Sunday Scenes – Wedding Recovery Edition

Our family was in a hotel from Friday afternoon until Sunday afternoon for a BIG, happy, amazing, love & fun-filled wedding. We all came home fried!

Sunday was full of unpacking messes, reading, napping and Harry Potter watching. NOT cooking is NOT an option – Moday morning comes quickly and since I have switched up my eating habits to a paleo/healing diet – food-making is a must.

We are coming off of months of chaos – moving my mom, unexpected funerals and the awesome wedding. I am hoping & praying for months of calm to make up for it. Is that even an option?

Not Back to School-ing

For 13 Septembers, I, along with other homeschoolers who are so inclined, celebrate the fact that we are not beholden to school district policies and procedures of having a ‘first day of school’ or a date and time we must begin ‘our studies’.

Whichever children were currently identifying as homeschoolers in our family, ignore the date and time, and proceeded with the activites of their choosing. Sean is currently the lone pupil of The Costello Academy for Wayward Boys (kidding!!…some people name their homeschools. That was a joke) we will be traipsing around the state, looking for fun in every nook and cranny.

We will carry on as we please, because the beautiful days are numbered. I know all to well that the winter will be filled with too many days home, in a row, that will prompt us to do ‘other things’ – maybe some of them will even look like ‘school work’.

Sunday Scenes – Bulk Cooking

I spent nearly the whole day Sunday cooking. I did not get as much done as I expected and I missed something really fun with my family to do it. But, sometimes, you need to change things up. Some BIG things have to change and I was in need of practicing a little selfcare. Did I just choke on that word?

I did.

But I’m going to need to add the word and the practice to my vocabularly sooner than later.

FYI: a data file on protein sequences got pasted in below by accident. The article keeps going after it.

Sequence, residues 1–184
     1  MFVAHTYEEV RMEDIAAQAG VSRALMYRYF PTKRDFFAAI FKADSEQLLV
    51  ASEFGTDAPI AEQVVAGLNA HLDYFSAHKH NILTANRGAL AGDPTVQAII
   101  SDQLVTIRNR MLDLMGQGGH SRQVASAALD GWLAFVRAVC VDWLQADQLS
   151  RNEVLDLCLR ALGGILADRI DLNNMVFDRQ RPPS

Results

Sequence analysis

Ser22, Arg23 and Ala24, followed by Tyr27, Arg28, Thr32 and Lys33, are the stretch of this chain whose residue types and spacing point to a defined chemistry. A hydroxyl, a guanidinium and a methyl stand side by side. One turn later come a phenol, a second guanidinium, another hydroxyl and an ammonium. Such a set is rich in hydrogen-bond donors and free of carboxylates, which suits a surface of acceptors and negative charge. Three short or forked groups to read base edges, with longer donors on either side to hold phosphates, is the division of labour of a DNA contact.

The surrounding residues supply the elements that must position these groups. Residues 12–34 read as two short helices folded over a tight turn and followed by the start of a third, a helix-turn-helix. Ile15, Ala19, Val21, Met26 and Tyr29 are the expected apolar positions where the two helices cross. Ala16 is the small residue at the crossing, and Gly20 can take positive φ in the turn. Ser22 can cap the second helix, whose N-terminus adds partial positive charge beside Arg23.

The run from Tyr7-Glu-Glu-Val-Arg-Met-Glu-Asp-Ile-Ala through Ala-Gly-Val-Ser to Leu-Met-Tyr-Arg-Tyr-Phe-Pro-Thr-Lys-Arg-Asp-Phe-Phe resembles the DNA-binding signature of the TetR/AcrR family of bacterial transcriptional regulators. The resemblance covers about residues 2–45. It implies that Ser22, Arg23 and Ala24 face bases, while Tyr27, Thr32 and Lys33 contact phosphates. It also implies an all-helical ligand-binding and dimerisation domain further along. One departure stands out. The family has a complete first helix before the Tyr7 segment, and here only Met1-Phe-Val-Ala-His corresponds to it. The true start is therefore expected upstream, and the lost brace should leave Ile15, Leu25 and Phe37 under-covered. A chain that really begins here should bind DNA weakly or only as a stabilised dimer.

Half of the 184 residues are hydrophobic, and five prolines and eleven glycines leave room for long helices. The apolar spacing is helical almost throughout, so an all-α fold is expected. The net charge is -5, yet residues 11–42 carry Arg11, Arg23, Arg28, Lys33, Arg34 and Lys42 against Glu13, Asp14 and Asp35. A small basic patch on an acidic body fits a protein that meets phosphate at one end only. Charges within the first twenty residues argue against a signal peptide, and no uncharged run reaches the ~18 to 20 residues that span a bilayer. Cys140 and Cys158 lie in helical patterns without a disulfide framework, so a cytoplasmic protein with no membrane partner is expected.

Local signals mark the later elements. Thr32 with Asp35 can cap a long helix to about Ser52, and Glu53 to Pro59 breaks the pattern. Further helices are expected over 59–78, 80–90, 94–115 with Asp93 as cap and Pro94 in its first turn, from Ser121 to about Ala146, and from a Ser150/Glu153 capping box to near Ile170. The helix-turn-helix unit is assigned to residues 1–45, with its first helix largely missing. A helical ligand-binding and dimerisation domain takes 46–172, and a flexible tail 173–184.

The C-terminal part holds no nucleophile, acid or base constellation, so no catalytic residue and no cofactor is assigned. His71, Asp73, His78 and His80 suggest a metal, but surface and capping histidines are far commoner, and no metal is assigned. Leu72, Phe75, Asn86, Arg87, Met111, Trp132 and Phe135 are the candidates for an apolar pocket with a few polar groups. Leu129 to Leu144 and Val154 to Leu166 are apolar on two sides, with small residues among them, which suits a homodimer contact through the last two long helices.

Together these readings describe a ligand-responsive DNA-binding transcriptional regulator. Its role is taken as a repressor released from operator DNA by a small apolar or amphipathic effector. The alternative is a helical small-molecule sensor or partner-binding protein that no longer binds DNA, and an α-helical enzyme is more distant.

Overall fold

Much, much sooner.

Homeschooling Sounds Better Than It Is

Mikey and I recently sat with a high school guidance counselor to pick a high school schedule for him. He is going to public school as a junior. She asked a lot of questions about homeschooling and was intrigued by the freedom and flexibility weilded by homeschoolers in New Jersey.

I explained that we rarely used a textbook or formal curriculum, favoring life learning, trips, experiences, museums, libraries, classes, movies, documentaries, and YouTube. She asked how I tested the kids and said that I didn’t. She asked I how I knew that they were learning – I said that I live with them. Mikey joined explaining how much time he has to snowboard in the winter.

On the way home, Mikey said, “You made homeschooling sound so much better than it actually is.”

“Ok”, I said. “Did you feel like I was not truthful or I exaggerated?”

“Not at all”, he replied.

“What sounded so good about homeschooling the way I described it in our house?” I asked.

“All of it. It sounds fun. Learning from experiences instead of books, the movies, and I do like documentaries.”

“Did you enjoy it this year? Were you having fun?” I asked. “Well, no. It wasn’t fun for me.” He replied.

Mikey likes the structure and chaos of school. He enjoys busy hallways, lots of people, the lunchroom, and the social beast that high school can be. He says discussions in classroooms help him learn and that he doesn’t mind homework.

I explained that it was important to consider and re-consider important decisions each of us make. I reiterated the things that we discussed when we were helping him make this choice. I reminded him that something can sound great on paper, or to lots of other people, but still not be an enjoyable experience for someone for a variety of reasons. I told him that you don’t have to like something just because other people do – even if those people are your family members.

Maybe especially.

Although I personally identify most closesly as a “homeschooler”, I have always maintained that my kids have ‘educational freedom’ and the option of learning what they want, from whom they want in a setting of their choosing.

Here’s to hoping for a great year full of lessons of all types – not just the academic ones.